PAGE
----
Take a closer look at those odds. Seismologists claim that in any given year there's a 1 percent chance of a major quake along the Hayward fault. Cal plays between six and eight games a year at the stadium, and once the training facilities and administrative offices are relocated, these games are the only times a significant number of lives will be at risk. In other words, the university is about to spend tens of millions of dollars to prepare for a disaster that has a one-in-25,000 chance of happening.
But where would we play football, you ask? Where would we watch Jeff Tedford's Bears crush Stanford's spirits for a generation? Funny you should ask. University planners don't just want to retrofit the stadium; they want to beef up its concession outlets and slap on some new lights, luxury boxes, and press offices. There just happens to be a facility that already boasts all of these amenities, and its owners you and me will be desperate for new tenants very shortly. It's called McAfee Coliseum, and now that the Oakland A's are planning to split for Fremont, Saturdays just happen to be free. With one lease agreement and given Oakland's pathetic history of giving away the store, Cal officials can count on that agreement being very lucrative indeed the university could have a massive football complex, complete with luxury boxes and garlic fries, for a fraction of what it would cost to modernize Memorial Stadium. And here's the bonus round: It's not sitting on a fault.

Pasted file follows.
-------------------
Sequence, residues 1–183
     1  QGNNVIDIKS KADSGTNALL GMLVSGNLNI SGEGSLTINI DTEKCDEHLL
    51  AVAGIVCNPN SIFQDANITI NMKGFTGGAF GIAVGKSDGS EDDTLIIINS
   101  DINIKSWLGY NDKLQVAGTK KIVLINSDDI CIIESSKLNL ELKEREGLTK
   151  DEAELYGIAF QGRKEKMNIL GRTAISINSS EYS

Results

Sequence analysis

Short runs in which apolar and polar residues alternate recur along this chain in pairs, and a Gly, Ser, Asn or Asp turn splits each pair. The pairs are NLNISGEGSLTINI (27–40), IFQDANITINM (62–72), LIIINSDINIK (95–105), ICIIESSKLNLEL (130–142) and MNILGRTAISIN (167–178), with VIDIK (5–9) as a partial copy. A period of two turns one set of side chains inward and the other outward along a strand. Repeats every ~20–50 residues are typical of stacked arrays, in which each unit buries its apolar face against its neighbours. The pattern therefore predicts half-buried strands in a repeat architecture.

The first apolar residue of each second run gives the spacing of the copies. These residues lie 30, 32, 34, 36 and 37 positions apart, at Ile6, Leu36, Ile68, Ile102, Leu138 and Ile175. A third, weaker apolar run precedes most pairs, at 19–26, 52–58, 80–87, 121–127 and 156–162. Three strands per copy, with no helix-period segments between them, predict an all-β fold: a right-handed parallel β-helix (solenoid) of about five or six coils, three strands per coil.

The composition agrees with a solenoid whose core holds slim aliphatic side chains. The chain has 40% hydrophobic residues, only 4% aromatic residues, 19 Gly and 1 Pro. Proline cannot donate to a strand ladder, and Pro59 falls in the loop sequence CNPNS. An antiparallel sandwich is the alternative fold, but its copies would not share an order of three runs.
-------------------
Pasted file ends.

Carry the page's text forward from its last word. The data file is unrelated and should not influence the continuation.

According to UC Berkeley's Felde, such a scheme won't fit in with the university's long-term plans. "When the campus looked at how to revitalize the southeast quadrant of campus, one of the main points was that the goal was to integrate the athletic experience with the student experience to a greater level than it is now," she says. And the fact that the stadium is across the street from the academic centers of campus is very important."
Well, it works for UCLA, whose stadium, the Rose Bowl, is located all the way in Pasadena. And moving Cal's games to the Coliseum wouldn't jeopardize Tedford's contract, which reportedly stipulates that the training center and only the training center be built. Felde claims the retrofit would be financed solely by alumni contributions and ticket sales, but make no mistake: Sooner or later you'll pay for this. When the Big One does strike, public money will be used to repair the stadium, and in the meantime, the redirection of ticket revenue would only increase the athletic department's multimillion-dollar budget deficit.
More than ten years ago, Oakland and Alameda County officials signed one of the worst sports deals in history to get the Raiders back, and it cost them millions and the departure of their baseball team. UC Berkeley planners have a chance to shake off the delusion that costly stadium construction projects are the only way to save their football program, and avoid the catastrophic mistakes made by their neighbor to the south. They just have to tell their alumni that beer tastes just as good in Mount Davis.